Eating healthy food doesn't mean giving up your favorite foods and switching to salads. Healthy cooking is easy. In many cases, your favorite's recipes can be modified so they offer a healthier alternative.
Non-stick cookware can be used to reduce the need for cooking oil. To keep valuable nutrients, microwave or steam your vegetables instead of boiling them. Keep fats to a minimum it's a good idea to minimise 'hidden fats' by choosing lean meats and reduced fat dairy products.
Processed foods can also have lots of hidden fats. Dietary fats are best when they come from the unrefined natural fats found in nuts, seeds, fish, soy, olives and avocado because this fat is accompanied by other good nutrients. If you add fats when cooking, keep them to a minimum and use monounsaturated oils. A little added oil can be a good thing. If you add a little oil to vegetable and legume dishes, it will help your body absorb fat soluble vitamins and antioxidant phytochemicals.
At the shop Low fat cooking begins when you are shopping Choose the low fat version of a food if it exists - for example milk, cheese, yoghurt, salad dressings and gravies. Choose leaner meat cuts. If unsure, look for the Heart Foundation tick of approval. Choose skinless chicken breasts. General suggestions General suggestions on healthy cooking methods include Steam, bake, grill, braise, boil or microwave your foods.
Modify or eliminate recipes that include butter or ask you to deep fry or saute in animal fat. Avoid using oils and butter as lubricants - use non-stick cookware instead. Don't add salt to food as it is cooking. Remove chicken skin, which is high in fat. However, to retain the moisture in the chicken meat, remove the skin at the end of cooking.
Eat more fresh vegetables and legumes. Eat more fish, which is high in protein, low in fats and loaded with omega 3 fatty acids. Low fat cooking Suggestions include If you need to use oil, try cooking sprays or apply oil with a pastry brush.
Cook in liquids (such as stock, wine, lemon juice, fruit juice, vinegar or water) instead of oil. When a recipe calls for cream as a thickener, use low fat yoghurt, low fat soymilk, evaporated skim milk or cornstarch. When browning vegetables, put them in a hot pan then spray with oil, rather than adding the oil first to the pan. This reduces the amount of oil that vegetables (such as mushrooms) can absorb during cooking.
An alternative to browning vegetables by pan-frying is to cook them first in the microwave, then crisp them under the griller for a minute or two. When serving meat and fish, use pesto, salsas, chutneys and vinegars in place of sour creams, butter and creamy sauces. Retaining the nutrients Water soluble vitamins are delicate and easily destroyed during preparation and cooking.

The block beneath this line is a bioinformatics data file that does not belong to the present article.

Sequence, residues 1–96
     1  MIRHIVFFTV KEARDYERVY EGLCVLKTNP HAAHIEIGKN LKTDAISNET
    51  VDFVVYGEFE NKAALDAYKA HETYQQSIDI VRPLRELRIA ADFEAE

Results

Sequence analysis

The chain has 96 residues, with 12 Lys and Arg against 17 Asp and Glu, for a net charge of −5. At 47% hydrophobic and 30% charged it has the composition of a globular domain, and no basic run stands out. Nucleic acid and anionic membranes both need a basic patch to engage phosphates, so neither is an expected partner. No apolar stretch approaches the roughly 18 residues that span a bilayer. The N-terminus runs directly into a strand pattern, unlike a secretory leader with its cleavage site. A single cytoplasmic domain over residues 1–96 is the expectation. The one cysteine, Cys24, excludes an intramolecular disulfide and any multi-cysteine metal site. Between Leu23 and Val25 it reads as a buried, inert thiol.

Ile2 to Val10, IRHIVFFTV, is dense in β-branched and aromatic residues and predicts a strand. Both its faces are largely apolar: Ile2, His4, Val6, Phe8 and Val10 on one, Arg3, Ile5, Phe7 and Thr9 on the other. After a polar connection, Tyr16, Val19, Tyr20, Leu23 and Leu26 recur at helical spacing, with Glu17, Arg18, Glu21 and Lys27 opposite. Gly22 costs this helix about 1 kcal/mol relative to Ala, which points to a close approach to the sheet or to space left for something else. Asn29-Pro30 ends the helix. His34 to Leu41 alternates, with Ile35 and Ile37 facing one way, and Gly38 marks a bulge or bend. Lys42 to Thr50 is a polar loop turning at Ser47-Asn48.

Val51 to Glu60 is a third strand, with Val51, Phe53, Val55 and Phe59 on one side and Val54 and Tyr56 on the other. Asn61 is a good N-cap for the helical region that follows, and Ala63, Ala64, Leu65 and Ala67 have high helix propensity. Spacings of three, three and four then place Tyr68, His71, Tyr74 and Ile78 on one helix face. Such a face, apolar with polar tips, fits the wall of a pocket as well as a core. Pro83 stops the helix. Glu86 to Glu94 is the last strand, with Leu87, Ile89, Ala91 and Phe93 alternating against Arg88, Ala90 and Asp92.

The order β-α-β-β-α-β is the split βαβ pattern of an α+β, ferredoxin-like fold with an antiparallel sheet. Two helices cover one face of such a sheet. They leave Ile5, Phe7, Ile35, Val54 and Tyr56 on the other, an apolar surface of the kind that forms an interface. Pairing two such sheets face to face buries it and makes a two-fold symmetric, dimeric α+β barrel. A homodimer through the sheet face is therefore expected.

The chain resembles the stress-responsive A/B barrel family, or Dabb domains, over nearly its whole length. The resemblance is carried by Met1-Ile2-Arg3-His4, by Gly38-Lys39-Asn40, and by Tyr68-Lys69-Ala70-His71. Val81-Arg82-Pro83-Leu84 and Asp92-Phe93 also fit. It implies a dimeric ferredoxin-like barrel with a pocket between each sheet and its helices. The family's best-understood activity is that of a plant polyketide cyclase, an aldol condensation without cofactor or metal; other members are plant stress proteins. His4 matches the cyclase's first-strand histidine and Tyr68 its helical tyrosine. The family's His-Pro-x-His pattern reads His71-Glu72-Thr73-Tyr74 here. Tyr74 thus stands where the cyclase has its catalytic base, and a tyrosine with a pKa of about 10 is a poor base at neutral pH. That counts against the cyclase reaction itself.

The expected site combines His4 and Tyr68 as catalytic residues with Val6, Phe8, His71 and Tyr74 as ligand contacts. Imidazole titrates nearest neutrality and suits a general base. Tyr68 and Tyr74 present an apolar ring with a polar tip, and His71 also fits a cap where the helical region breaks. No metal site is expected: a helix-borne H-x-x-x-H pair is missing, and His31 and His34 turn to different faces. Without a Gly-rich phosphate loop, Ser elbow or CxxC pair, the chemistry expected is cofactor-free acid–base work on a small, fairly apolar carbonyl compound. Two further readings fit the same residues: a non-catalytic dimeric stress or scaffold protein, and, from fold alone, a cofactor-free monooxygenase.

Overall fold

Suggestions include Scrub vegetables rather than peel them, as many nutrients are found close to the skin. Microwave or steam vegetables instead of boiling them. If you like to boil vegetables, keep the vitamin-rich water to use as a stock and do not overboil them. Include more stir-fry recipes in your diet.
Stir-fried vegetables are cooked quickly to retain their crunch (and associated nutrients). Cutting out salt Salt is a traditional flavour enhancer, but research suggests that a high salt diet could contribute to a range of disorders including high blood pressure. Suggestions include Don't automatically salt your food - taste it first.
Add a splash of olive oil or lemon juice close to the end of cooking time or to cooked vegetables - it can enhance flavours in the same way as salt. Choose fresh or frozen vegetables, since canned and pickled vegetables tend to be packaged with salt. Limit your consumption of salty processed meats, such as salami, ham, corned beef, bacon, smoked salmon, frankfurters and chicken loaf. Choose reduced salt bread and breakfast cereals.
Breads and cereals are a major source of salt in the diet. Iodised salt is best. A major dietary source of iodine is plant foods however, there is emerging evidence that Australian soil may be low in iodine and this results in plants that are low in iodine. If you eat fish regularly (at least once a week), the need for iodised salt is reduced. Avoid salt-laden processed foods, such as flavoured instant pasta, canned or dehydrated soup mixes, chips and salted nuts. Margarine and butter contain a lot of salt but 'no added salt' varieties are available.
Most cheeses are very high in salt so limit your intake or choose lower salt varieties. Reduce your use of soy sauce, tomato sauce and processed sauces and condiments (for example mayonnaise and salad dressings) because they contain high levels of salt. Use herbs, spices, and vinegar or lemon juice to add extra zing to your recipe and reduce the need for salt. Herbs Culinary herbs are leafy plants that add flavor and color to all types of meals. In many cases, they can replace the flavour of salt and oil. Remember Herbs are delicately flavored, so add them to your cooking in the last few minutes.
Dried herbs are more strongly flavored than fresh. As a general rule, one teaspoon of dried herbs equals four teaspoons of fresh. Apart from boosting meat dishes, herbs can be added to soups, breads, mustards, salad dressings, vinegars, desserts and drinks. Herbs such as coriander, ginger, garlic, chilli and lemongrass are especially complimentary in vegetable-based stir-fry recipes.
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